New Martis Valley roads still under fire | SierraSun.com
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New Martis Valley roads still under fire

The Martis Valley Citizen’s Advisory Committee met again Monday, but with the environmental impact report for the Martis Valley Community Plan still a month away, the committee and the approximately 60 people in attendance continued to hammer away at Placer County’s proposed intention to expand and connect the major roads in the valley.

The Placer County Planning Department is the lead agency in the formulation of the Martis Valley Community Plan, an updated version of the 1975 Martis Valley General Plan.

On Feb. 25, the Citizens’ Advisory Committee passed a motion opposing the proposed expansion of Shaffer Mill Road to four lanes. Highway 267 has also been proposed to expand to four lanes.



The 12-member committee is, however, purely advisory and can only make recommendations to the Placer County Planning Department.

The Martis Valley Community Plan seeks to guide development and address “new environmental and land issues.”



Placer County Planning Director Fred Yeager said a revised draft of the plan should be out within two weeks, with a draft environmental impact report for the plan due out by the middle of April.

The preliminary draft calls for the expansion of Highway 267 to four lanes from Interstate 80 to Northstar-at-Tahoe with stoplights at Shaffer Mill Road and at Northstar Drive.

In addition, the plan is not only looking to widen Shaffer Mill Road; it calls for its extension to Big Springs Road in Northstar.

The draft plan also calls for the connection of at least two roads within the Sierra Meadows neighborhood to Shaffer Mill Road.

While those expansions have been the bane of the committee as of late, Placer County Associate Engineer Richard Moorehead defended the road expansion, telling the committee, “We have been given a land-use model, and we have to determine what road system is it going to take to accommodate those uses.”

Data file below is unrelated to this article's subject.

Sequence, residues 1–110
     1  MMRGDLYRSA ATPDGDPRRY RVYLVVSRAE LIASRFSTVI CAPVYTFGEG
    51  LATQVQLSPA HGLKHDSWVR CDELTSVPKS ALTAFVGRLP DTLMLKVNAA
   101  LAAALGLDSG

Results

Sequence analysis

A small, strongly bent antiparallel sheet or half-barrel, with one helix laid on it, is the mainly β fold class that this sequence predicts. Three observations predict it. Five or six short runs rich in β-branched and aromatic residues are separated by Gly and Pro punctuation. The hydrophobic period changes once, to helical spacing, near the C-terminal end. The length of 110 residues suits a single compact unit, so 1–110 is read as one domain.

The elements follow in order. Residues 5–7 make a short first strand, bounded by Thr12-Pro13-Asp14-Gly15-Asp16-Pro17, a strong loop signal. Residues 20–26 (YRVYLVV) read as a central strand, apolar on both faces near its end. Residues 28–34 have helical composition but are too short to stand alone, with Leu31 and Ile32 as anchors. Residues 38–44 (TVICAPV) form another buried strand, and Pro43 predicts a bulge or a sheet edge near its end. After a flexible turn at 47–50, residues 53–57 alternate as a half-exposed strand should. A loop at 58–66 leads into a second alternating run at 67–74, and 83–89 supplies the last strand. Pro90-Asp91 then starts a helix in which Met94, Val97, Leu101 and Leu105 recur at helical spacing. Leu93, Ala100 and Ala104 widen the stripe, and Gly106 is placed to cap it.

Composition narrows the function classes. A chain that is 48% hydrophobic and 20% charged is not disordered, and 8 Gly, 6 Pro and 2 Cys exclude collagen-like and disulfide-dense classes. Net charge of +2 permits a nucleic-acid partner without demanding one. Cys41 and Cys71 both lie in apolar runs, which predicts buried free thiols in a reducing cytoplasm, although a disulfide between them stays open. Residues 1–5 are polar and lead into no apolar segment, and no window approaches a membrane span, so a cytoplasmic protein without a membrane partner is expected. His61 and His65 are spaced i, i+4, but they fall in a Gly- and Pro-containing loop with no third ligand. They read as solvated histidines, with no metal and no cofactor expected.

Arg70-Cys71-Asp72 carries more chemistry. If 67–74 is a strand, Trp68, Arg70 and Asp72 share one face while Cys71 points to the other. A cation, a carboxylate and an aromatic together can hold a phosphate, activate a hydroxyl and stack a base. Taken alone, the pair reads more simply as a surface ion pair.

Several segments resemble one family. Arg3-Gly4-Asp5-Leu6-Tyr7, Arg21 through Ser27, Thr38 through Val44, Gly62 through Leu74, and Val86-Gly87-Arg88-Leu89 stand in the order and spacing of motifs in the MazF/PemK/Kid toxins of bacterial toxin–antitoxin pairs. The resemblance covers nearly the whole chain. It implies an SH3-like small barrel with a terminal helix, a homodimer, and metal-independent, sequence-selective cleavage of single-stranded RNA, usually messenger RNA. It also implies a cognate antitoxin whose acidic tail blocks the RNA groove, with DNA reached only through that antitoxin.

Moorehead and Placer County Deputy Director Rick Dondro were also asked by those in attendance how many of the 6,800 new homes allowed by the plan in the valley would have to be eliminated in order to avoid the proposed expansions and connections.

Both Dondro and Moorehead estimated that a 25-percent reduction in the number of new residential homes could avoid the need to expand Highway 267 to four lanes and make some of the internal road connections currently proposed.

“I think it was encouraging that people are making the connection between all the traffic and the land use designation,” Tom Mooers of Sierra Watch said afterward.

Many of the new homes allowed in the plan would be in gated communities with golf courses, including the proposed developments of Eaglewood, Hopkins Ranch, Waddle Ranch and Martis Ranch.

The latter is a 1,360-unit development proposed by Sierra Pacific Industries on land near Martis Peak and Brockway Summit.

Yeager said the SPI proposal would be included in the Martis Valley Community Plan, but with the stipulation that the land would remain in Timberland Production Zoning for at least 10 years.

However, Yeager said afterward that SPI could still ask the state for an immediate rezone, a scenario that Martis Ranch Project Manager Gerry Kamilos said was “a definite possibility.”

Northstar also has plans, in various stages of review, for employee housing dormitories, expansion of the village (including 200 residential units), a new parking lot and a new restaurant.

The next meeting is scheduled for Monday, April 29 at 6 p.m. at Town Hall.


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